Java Encapsulation


What is encapsulation

Encapsulation is information hiding but what kind of information are we trying to hide? In object oriented world, class is the unit of abstraction and a class consists of data and behavior. The instance variables hold the data where as a method’s implementation add behavior to the class. We are trying to restrict the access to the data and the methods which work on the data.

Why do we need to encapsulate?

Suppose class A is dependent on B. If we have everything visible in B, whenever we change B (data or implementation), it is going to directly effect A.
This is a major design flaw as A’s evolution is dependent on B’s evolution. We should use encapsulation here to a degree that will allow us to change B’s implementation without affecting the calling code in A.
You can read more about this in my dependency injection article.

In Java, other than classes we also have interfaces. Interfaces don’t have implementation so programming to interface is one of the way of encapsulating implementation.
A well-designed module hides all of its implementation details, cleanly separating its API from its implementation using proper interfaces. Modules then communicate with one another only through their APIs and are oblivious to each others’ inner workings. This is called programming to interfaces.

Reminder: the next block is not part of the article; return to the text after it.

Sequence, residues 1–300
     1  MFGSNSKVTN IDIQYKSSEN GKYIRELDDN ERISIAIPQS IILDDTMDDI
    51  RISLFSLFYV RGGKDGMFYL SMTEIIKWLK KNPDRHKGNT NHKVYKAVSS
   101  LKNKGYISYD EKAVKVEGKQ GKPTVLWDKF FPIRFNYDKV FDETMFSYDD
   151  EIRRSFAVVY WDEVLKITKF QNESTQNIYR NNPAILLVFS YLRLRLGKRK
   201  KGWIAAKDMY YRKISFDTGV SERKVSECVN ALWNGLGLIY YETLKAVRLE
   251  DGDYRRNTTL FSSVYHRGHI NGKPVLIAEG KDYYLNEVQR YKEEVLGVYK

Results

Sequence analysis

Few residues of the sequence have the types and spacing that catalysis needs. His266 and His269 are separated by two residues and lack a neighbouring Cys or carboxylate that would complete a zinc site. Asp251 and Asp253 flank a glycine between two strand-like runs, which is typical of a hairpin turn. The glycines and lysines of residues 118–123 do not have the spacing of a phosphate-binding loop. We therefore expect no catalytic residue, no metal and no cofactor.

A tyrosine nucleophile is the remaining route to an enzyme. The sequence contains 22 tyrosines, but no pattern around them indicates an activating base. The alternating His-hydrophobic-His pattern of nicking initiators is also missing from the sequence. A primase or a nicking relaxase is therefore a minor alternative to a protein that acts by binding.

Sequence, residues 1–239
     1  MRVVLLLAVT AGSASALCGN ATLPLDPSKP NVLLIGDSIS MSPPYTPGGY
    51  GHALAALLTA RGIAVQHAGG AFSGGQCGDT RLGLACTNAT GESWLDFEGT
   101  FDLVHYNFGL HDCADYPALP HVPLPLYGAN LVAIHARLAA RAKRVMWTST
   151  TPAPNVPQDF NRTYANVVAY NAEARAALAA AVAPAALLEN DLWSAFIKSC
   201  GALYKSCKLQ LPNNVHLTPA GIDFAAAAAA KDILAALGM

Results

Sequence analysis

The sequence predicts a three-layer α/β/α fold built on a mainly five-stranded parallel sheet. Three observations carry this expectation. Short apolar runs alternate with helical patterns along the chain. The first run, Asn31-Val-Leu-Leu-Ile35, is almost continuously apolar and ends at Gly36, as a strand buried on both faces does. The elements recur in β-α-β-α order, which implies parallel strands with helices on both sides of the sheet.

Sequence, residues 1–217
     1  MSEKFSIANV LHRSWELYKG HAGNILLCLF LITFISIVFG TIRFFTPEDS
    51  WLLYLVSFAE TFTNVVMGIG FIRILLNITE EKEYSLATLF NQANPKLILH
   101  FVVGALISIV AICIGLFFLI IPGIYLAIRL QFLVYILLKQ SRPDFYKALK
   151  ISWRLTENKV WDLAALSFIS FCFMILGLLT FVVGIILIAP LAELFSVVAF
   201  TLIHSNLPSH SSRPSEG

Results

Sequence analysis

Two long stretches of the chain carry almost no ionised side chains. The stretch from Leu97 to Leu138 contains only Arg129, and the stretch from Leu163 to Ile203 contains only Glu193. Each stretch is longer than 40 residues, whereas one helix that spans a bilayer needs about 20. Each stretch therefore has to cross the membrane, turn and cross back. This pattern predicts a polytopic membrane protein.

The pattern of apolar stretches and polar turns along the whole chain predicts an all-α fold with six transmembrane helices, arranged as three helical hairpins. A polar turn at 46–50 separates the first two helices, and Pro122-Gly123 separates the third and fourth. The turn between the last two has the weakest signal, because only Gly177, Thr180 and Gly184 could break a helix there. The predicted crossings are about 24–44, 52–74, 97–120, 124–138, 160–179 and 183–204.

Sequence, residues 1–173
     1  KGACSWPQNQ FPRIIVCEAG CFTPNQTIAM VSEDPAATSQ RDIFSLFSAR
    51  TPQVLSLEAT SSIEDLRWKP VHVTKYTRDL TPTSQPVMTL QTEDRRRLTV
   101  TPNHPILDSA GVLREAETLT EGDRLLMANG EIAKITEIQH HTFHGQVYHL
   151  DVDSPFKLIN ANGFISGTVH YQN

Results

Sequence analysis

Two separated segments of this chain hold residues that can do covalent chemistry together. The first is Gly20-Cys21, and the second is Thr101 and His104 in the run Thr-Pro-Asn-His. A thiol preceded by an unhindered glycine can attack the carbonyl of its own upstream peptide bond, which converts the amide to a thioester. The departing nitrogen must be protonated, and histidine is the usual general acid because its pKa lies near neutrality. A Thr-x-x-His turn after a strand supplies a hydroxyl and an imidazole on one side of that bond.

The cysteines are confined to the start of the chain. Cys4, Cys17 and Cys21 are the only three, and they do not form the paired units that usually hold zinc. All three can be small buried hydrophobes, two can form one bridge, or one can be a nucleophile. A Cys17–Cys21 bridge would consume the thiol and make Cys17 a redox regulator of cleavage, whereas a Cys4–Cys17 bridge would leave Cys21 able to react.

For example:
Class H has a member variable of type IFeature2 where IFeature2 is an interface.

package javarticles.javainheritance;

public class H {
    private IFeature2 mFeature2;
    public void doSomething() {
        System.out.println("Call feature2");
    public void setFeature2(IFeature2 mFeature2) {
        this.mFeature2 = mFeature2;


package javarticles.javainheritance;

public interface IFeature2 {
    public void doFeature2();

Since IFeature2 is an interface when we call mFeature2.doSomething(), we are making a call to an API and not to a specific implementation. This is programming to interface.
We can inject the implementation using a setter or through constructor. Below is an example where we inject different implementations through a setter.

    public void callFeature2() {
        H h = new H();
        h.setFeature2(new G());        
        h.setFeature2(new IFeature2() {
            public void doFeature2() {
                System.out.println("Different feature2");


Call feature2
 do feature2 in G
Call feature2
Different feature2

The same concept can be applied on each module so that each can communicate with other only through their APIs and are oblivious to each others’ inner workings. This concept is known as information hiding or encapsulation.

  • Encapsulation effectively decouples the modules that comprise a system, allowing them to be developed, tested, optimized, used, understood, and modified individually.
  • This speeds up system development because modules can be developed in parallel.
  • It eases the burden of maintenance because modules can be understood quickly and debugged with little fear of harming other modules.
  • Once a system is complete modules can be optimized without affecting the correctness of other modules.
  • Information hiding increases software reuse because individual modules do not depend on one another.

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